Where the Crawdads Sing (2022) is a fully captivating thought-provoking film, which could have easily just been another glossy movie without substance, but instead it is an engaging tale with its intentional kindness. I am guessing that some who read the book like me may mock the movie for taking a “lite” version of the serious issues raised by the book. I don’t, and I highly recommend it.
Entrepreneur Owner-Manager Quote
“As advisors go, I suspect that these guys are unusual. Their passion for their clients is impressive. Bigelow always had my best interests at heart, and they will be friends of mine forever.”
The Accidental Queen
Contributed by Stephen R. McGee
My Mom was a young girl during World War II. She remembers King George VI. She remembers then Princess Elizabeth’s first public address “to the children of the Commonwealth” in 1940. Mum was 6. The death of Queen Elizabeth II has been hard for Brits of my Mum’s generation. A constant that has now gone. I’ve been surprised how much it has affected me.
The Queen had already served 19 years as monarch by the time I was born in 1971. I don’t think anyone thought she would serve another 51 years. On the Bigelow website under my bio, I reference the Queen as someone I admire. Maybe that is why I got e-mails and text messages the day she died asking if I was OK. It’s a little surreal. But then you stop to think about it.
I wasn’t able to watch the various processions and events that took place around the UK during the ten days of official mourning. With the time difference and work commitments, I didn’t even get to watch the funeral live. I did however watch it all over the course of a few evenings through various recordings and replays. Wow. It was so impressive (to me at least). The pageantry, the pomp. The pipers, the bearer party, the 142 Royal Naval Ratings pulling the same State Gun Carriage that carried her father’s coffin in 1952. It was incredibly moving. I’m not going to lie, I shed some tears.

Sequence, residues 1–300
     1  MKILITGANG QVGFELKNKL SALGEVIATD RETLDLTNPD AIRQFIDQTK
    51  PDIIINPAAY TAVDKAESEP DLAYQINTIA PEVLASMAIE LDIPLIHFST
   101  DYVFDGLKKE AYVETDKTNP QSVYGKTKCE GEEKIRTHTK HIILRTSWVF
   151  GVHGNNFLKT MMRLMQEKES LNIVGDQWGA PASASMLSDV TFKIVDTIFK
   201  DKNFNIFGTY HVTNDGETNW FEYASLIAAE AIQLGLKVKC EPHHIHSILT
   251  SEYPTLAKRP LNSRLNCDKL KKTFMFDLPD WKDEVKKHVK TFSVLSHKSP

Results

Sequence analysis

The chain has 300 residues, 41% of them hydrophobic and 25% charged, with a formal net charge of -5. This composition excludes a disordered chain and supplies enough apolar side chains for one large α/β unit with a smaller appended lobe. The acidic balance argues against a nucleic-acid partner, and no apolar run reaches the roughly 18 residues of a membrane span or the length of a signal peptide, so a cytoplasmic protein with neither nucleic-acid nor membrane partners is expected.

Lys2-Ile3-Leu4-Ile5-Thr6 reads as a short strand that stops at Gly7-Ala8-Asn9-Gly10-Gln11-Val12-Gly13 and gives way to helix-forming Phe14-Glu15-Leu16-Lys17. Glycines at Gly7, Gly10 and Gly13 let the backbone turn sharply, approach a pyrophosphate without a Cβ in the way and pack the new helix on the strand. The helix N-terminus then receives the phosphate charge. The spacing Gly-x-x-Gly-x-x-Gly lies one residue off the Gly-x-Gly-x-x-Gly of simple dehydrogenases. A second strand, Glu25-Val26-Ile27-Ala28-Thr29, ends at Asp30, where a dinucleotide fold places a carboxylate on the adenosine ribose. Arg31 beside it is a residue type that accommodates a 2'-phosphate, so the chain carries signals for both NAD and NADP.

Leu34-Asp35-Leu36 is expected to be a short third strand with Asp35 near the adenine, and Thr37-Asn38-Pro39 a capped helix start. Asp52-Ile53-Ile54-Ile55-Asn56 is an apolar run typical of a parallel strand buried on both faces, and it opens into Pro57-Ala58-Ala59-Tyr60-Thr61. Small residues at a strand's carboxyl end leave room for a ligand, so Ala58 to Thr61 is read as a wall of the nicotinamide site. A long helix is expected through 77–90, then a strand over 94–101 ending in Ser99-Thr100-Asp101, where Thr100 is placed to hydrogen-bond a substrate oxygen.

The death of the Queen will no doubt have people questioning why we (the Brits) have a monarchy and what purpose they really serve. And of course, there will be folks who don’t like the new King, largely because of Princess Diana (I’ve actually been pleasantly surprised how the country seems to have embraced him). It’s hard to explain to my US friends what the monarchy means to me. It means something though, maybe just a sense of history? History means something different to Brits compared to Americans, I think. The high school I went to in Liverpool recently celebrated its 400th anniversary (you read that right), the US is only 245 years old!
It will be a long time before there is another Queen. Charles, William, and George will rule for a while barring any unforeseen events. But then again, that is how Princess Elizabeth became queen. And one thing is for sure, there will never be another Queen like Elizabeth II. RIP Elizabeth R.